UNITED STATES DISTRICT COURT FOR THE CENTRAL DISTRICT OF CALIFORNIA
February 24, 2009
EVELYN HALIK, PLAINTIFF(S),
MICHAEL CHERTOFF, SECRETARY, DEPARTMENT OF HOMELAND SECURITY, AGENCY, DEFENDANT(S).
The opinion of the court was delivered by: David O. Carter United States District Judge
FINDINGS OF FACT AND CONCLUSIONS OF LAW
This cause came for trial on January 15, 2009, before the Court sitting without a jury as to Plaintiff Evelyn Halik's cause of action for wrongful termination in violation of public policy under Title VII of the Civil Rights Act of 1964, as amended. The Court, having heard the testimony and having examined the proofs offered by the respective parties, the cause having been submitted for decision, and the Court being fully advised in the premises, makes its finding of fact and conclusions of law as follows:
II. Findings of Fact
1. Plaintiff Evelyn Halik ("Plaintiff" or "Halik") entered on duty as an Applications Clerk (GS-5, step 1) with United States Customs and Immigration Services ("CIS,"formerly Immigration and Naturalization Service) at the California Service Center located at Laguna Niguel, Orange County, California, on May 20, 2001.
2. Plaintiff is of Filipino national origin.
3. Beginning on May 20, 2001, Plaintiff was subject to a one-year probationary period.
4. Supervisory Center Adjudications Officer Carolyn Nguyen, of Vietnamese national origin, was assigned as Plaintiff's first-line supervisor in Division II throughout Plaintiff's employment at CIS.
5. Nguyen acted as the only direct supervisor of Halik. Halik alleges that throughout her employment at CIS, Nguyen repeatedly directed anti-Filipino comments at Halik, such as, "You Filipinos are all alike."
6. Conflict arose between Nguyen and Halik at the onset of employment. The first incident involved the consolidation of Halik's two fifteen-minute rest breaks with her one-half hour lunch break into a single one-hour lunch break. Halik consolidated her lunch break without telling Nguyen but likely did not know that she needed to ask Nguyen for permission. Nguyen ultimately allowed Halik to combine her lunch breaks after informing Halik that she could not otherwise take a one-hour lunch break without consolidation. Halik contends that Nguyen said, "You Filipinos are all alike," when Halik asked to combine her breaks.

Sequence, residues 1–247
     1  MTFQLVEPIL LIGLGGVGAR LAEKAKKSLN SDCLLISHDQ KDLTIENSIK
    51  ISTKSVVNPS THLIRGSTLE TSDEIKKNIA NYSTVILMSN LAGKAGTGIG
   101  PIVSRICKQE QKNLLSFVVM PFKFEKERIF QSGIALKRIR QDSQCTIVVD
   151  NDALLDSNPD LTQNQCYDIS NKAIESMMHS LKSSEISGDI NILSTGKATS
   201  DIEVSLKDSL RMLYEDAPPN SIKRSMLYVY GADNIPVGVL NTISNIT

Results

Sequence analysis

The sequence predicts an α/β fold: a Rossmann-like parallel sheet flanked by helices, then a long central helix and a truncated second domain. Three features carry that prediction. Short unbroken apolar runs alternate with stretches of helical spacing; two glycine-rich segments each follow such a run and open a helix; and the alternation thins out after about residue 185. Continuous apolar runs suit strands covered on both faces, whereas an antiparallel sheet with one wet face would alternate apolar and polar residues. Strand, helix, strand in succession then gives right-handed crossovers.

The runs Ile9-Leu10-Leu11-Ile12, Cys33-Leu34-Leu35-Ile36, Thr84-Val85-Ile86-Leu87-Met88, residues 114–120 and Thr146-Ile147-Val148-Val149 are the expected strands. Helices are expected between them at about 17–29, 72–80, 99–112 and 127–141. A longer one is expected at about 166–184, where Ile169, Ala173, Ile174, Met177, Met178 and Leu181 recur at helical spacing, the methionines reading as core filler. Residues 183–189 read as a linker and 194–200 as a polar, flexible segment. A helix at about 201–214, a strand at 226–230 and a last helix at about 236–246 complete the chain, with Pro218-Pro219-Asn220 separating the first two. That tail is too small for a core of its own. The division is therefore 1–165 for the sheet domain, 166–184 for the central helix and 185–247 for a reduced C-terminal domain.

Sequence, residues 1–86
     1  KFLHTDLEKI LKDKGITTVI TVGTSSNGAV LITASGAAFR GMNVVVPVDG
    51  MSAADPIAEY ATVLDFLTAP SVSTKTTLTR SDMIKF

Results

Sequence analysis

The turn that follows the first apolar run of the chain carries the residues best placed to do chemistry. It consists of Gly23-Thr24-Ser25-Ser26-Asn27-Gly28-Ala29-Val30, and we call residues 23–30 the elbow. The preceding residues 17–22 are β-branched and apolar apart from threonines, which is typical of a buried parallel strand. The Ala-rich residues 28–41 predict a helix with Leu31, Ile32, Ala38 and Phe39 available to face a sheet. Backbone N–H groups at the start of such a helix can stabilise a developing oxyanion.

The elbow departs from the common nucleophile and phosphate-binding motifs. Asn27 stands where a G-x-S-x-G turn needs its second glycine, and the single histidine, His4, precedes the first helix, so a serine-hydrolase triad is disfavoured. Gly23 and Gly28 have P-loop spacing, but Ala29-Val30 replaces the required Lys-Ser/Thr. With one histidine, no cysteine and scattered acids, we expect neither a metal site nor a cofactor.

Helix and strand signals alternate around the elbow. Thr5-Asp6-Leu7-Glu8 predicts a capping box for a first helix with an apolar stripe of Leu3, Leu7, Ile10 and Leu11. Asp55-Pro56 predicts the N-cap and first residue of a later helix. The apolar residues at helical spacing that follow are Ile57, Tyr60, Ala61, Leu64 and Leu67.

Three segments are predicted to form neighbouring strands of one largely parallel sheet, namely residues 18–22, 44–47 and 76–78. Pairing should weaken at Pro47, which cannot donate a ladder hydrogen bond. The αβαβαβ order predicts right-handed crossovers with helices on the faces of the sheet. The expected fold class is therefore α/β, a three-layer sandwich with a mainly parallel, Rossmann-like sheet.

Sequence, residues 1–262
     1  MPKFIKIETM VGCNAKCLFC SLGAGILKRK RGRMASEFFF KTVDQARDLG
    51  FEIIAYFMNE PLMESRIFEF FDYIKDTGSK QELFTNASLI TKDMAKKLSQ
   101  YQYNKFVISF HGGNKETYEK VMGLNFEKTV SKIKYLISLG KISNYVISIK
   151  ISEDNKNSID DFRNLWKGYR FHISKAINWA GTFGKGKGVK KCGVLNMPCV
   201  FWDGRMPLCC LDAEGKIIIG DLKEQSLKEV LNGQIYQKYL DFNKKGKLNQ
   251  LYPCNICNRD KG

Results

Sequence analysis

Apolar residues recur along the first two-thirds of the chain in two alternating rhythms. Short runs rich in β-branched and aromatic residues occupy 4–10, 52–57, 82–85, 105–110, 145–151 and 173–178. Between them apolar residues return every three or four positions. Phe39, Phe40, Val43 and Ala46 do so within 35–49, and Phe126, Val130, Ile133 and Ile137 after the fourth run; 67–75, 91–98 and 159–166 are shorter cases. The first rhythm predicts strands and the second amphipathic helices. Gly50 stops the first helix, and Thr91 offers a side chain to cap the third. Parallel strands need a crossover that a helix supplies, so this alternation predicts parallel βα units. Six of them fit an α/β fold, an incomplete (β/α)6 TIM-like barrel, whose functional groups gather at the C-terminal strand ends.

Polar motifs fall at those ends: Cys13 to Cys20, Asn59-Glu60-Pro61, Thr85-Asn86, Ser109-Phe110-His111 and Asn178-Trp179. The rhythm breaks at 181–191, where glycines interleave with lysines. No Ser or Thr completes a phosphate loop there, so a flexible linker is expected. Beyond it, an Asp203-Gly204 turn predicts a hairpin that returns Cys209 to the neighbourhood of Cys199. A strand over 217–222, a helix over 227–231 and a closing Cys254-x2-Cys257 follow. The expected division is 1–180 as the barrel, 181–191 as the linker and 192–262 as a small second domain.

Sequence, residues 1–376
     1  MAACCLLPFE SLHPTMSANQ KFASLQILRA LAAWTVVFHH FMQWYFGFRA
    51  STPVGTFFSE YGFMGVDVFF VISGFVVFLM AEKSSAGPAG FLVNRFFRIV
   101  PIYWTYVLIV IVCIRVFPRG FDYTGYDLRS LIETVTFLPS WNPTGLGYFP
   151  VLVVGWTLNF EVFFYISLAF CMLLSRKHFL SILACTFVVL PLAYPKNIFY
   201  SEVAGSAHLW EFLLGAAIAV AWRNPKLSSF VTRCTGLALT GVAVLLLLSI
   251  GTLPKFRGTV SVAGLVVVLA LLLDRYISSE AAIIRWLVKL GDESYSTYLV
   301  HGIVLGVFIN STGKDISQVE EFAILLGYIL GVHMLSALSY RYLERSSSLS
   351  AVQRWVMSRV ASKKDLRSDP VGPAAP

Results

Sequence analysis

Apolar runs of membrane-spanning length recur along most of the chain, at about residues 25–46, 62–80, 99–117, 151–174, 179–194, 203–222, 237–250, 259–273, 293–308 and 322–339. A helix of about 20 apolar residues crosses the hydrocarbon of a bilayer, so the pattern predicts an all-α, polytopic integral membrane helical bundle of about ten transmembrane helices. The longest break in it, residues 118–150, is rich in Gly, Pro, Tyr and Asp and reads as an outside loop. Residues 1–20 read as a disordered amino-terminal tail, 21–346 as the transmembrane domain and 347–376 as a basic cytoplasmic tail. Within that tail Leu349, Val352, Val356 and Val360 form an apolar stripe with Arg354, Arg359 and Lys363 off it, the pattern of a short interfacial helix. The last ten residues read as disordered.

7. Overtime hours also became a point of contention between the parties in June. Halik did not know at the start of her employment that there were certain limits on the amount of overtime an employee could work. While Halik contends that her requests to work overtime were denied and that another Applications Clerk under Nguyen, Dipti Khambhaita (of Indian origin), was allowed all overtime requests, the evidence suggests otherwise. For example, according to pay sheets, Halik worked 15 hours of overtime in her first week and 17 hours of overtime in her second week. Further Deputy Director Christina Poulos testified that Halik and Khambhaita worked virtually the same hours during Halik's first three pay periods.
8. Another incident occurred between Nguyen and Halik in the first week of June 2001 regarding System Time and Attendance Reporting ("STAR") training. Plaintiff requested from Nguyen that she be able to attend this training. When Nguyen asked another supervisor, Rachel Wolcott, how to sign up for the June training, Nguyen learned that Halik had already asked Wolcott to sign up for the training and had been told that she would be unable to participate in it until July as all June spaces were full. While employees are not forbidden from speaking to other supervisors, Nguyen felt that the request evidenced Halik basically trying to get two bites at one apple.
9. A conflict also occurred between Nguyen and Halik regarding the provision of telephones for Nguyen's team. On July 2, 2001, Nguyen directed Halik to canvass Nguyen's team for telephone extension number preferences. Nguyen then learned that Halik had already requested a phone for herself from fellow employee Gregg Cotton and supervisor Howard Dyson without informing Nguyen, though Halik denies making such a request. Nguyen took issue with the alleged request because Nguyen claims that she had advised Halik regarding a certain priority order in relation to the provision of telephones.
10. Further, while Halik points out that the only other Applications Clerk in Nguyen's team who had a telephone at his or her station on July 2, 2001, was Dipti Khambhaita, Khambhaita testified that there was already a phone at her assigned workstation when she began work and that she did not have to request one as a result. Further, according to Halik's testimony, Khambhaita started working at CIS prior to Halik by at least a few weeks or a month.